- No. 8 Quinnipiac men’s ice hockey falls to No. 1 UMass 3-1, head into break with a 14-3-0 record
- Quinnipiac men’s basketball moves to .500 with win over Lafayette
- No. 8 Quinnipiac men’s ice hockey upsets No. 1 UMass, 4-0
- Cramped cramming
- Dr. Bethany Zemba appointed as vice president and chief of staff
- Pro-life feminism: a candid conversation
- Phi Gamma Delta fundraises money for victims of California wildfires
- Former Quinnipiac President John Lahey awarded for service to Ireland
- Triumph out of tragedy
- MEMEingful past
A Time to Remember
About 500 students, faculty and staff members held a solemn candlelight vigil on the quad Sept. 11 in a ceremony commemorating the fifth anniversary of the terrorist attacks against the United States and remembering family members who were killed that day.
Jessica Waring, a sophomore from Queens, N.Y., spoke about her father James Waring, who worked on the 101st floor of the North Tower of the World Trade Center as the head of security for Cantor Fitzgerald. He was among the 2,973 people killed on Sept. 11, 2001, when terrorists hijacked four aircrafts and crashed two into the Twin Towers of the World Trade Center in Manhattan, one into the Pentagon in Washington, D.C. and one into a field in Shanksville, Penn.
“My purpose in standing here today is to let you know that you should always let the people you love know you love them,” Waring said, her voice overflowing with emotion. “Jimmy Waring was a proud and loving husband and father.”
David Ives, executive director of the Albert Schweitzer Institute, told the crowd that 43 percent of respondents in a recent news poll said they wish revenge against the perpetrators of the attacks. He acknowledged his own initial desire for vengeance in the immediate aftermath of the terror attacks.
“It doesn’t take much for me to go back to that day and to remember the outrage I felt that someone could attack and kill so many innocent people,” he said.
Yet, Ives no longer seeks such revenge, he said. Rather, he is forgiving and hopes other Americans are able to forgive the perpetrators, too.
“Nelson Mandela and [Mahatma] Gandhi teach us to forgive. They forgave the people who committed great wrongs against them, while still holding the perpetrators responsible,” he said.
Citing the life-long humanitarian work of Albert Schweitzer, Ives further urged people to “seek the common good,” which can range from helping a person cross the street to doing community service projects, he said.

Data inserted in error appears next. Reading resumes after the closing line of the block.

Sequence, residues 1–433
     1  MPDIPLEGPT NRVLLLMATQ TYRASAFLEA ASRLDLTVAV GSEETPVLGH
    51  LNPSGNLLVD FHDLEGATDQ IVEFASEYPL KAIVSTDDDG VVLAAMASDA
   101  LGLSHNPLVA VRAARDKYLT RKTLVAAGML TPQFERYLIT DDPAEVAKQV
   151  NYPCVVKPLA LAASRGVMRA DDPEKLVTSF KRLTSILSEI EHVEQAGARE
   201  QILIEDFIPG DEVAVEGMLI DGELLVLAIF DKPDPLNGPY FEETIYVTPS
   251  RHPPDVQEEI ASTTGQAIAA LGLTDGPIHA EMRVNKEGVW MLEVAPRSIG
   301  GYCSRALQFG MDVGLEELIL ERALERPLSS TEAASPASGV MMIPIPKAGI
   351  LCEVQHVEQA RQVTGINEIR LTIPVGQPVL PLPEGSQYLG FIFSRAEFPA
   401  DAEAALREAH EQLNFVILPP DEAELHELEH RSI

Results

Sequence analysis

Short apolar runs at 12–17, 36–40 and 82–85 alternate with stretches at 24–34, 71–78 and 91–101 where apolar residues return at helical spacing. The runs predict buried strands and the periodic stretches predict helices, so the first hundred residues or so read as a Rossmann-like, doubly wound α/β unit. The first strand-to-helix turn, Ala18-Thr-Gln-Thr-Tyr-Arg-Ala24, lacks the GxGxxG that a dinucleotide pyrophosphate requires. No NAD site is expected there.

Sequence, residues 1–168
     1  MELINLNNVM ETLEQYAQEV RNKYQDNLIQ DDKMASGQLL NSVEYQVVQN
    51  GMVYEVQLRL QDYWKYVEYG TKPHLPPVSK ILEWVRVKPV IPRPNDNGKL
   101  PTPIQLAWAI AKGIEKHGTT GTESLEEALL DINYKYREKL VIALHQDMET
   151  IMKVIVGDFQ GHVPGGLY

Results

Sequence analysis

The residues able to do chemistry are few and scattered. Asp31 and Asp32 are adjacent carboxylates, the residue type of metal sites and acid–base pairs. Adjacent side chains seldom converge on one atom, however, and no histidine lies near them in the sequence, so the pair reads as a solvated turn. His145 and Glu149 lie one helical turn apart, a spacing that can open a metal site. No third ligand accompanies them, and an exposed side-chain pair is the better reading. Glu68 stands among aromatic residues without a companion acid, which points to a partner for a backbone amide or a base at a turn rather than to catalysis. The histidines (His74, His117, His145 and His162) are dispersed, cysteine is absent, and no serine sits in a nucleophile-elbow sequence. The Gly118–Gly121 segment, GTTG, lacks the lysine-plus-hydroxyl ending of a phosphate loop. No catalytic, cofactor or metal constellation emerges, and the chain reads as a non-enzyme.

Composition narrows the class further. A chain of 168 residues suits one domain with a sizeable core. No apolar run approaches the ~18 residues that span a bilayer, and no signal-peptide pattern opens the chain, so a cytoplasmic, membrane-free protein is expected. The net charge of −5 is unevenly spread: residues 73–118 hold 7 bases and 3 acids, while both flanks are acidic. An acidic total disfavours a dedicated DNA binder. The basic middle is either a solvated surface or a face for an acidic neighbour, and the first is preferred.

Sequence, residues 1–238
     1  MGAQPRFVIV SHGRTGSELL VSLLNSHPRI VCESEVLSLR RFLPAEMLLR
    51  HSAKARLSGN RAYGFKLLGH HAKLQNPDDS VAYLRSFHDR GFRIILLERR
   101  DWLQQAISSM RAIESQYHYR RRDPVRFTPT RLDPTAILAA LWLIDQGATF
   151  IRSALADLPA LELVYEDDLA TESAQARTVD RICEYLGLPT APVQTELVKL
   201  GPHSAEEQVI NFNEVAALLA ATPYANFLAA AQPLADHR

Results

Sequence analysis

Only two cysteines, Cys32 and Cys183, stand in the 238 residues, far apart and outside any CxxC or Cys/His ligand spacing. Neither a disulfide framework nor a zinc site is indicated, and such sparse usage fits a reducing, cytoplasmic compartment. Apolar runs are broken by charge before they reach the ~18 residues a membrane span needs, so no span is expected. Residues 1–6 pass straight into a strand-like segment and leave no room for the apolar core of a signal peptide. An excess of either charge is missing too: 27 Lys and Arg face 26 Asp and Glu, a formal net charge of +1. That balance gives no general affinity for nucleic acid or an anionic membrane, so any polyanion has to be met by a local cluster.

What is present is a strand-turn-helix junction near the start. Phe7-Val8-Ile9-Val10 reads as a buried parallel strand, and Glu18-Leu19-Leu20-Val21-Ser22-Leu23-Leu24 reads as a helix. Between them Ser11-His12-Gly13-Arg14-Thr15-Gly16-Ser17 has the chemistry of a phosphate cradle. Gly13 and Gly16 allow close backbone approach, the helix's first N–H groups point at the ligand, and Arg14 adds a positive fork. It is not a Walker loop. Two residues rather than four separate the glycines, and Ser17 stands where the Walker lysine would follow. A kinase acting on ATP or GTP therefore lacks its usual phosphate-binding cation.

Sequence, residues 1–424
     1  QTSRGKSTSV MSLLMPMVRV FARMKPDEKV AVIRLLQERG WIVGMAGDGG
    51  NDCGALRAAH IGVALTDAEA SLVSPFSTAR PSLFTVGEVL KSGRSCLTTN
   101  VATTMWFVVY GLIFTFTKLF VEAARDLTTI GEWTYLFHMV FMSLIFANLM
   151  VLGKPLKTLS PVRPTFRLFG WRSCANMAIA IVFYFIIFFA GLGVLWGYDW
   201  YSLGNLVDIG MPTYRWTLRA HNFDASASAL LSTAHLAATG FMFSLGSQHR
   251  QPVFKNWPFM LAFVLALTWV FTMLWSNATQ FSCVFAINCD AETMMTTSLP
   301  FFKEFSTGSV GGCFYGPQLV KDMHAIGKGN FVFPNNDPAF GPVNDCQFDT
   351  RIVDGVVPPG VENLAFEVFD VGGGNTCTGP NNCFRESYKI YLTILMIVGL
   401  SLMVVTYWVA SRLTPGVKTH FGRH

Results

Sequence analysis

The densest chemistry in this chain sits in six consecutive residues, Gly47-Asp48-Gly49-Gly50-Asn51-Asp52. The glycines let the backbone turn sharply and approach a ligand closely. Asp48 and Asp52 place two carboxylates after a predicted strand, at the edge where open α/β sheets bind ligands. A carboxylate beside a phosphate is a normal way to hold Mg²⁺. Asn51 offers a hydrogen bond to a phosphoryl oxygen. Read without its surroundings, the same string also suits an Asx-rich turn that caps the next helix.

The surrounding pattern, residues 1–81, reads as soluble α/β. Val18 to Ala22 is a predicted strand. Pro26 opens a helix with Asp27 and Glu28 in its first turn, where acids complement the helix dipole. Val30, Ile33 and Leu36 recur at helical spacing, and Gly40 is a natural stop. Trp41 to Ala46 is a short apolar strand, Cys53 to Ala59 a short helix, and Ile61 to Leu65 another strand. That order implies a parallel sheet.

Kathleen McCourt, senior vice president of academic affairs, told the crowd to strive to foster a world characterized by justice, compassion and vigilance.
“We must pledge as a community to make the world a better place so that horrors like 9/11, once again, become unimaginable,” she said.
Karen Sloan, a Presbyterian minister affiliated with the university through Campus Ministry, lived in California when the attacks happened five years ago. She remembered the actions of her friend, Mark Bingham, who was among a group of passengers on United Airlines Flight 93 who fought against their hijackers. All of the Flight 93 passengers were killed when the airplane crashed into a field in rural Shanksville, Penn.
“I am thankful to Mark Bingham, that he loved people so much, that he didn’t let his plane get hijacked,” Sloan said. “That day was very sad and yet there were examples of tremendous acts of love. And so, I encourage you all to think about how you can show acts of love.”
Tyrone Black, the director of Multicultural Affairs and the director of Gospel Choir, read Maya Angelou’s poem “Equality.” In a forceful tone, Black proclaimed: “The Lord is my light and my salvation. Whom shall I fear?”
Then Black led the Gospel Choir, whose 20 members spiritedly sang “Open the Windows of Heaven” and “Omnipotent.” Then, he invited everyone to join the choir in singing “God Bless America,” as friends gathered in small groups on the quad and cried and hugged each other while holding the lit candles.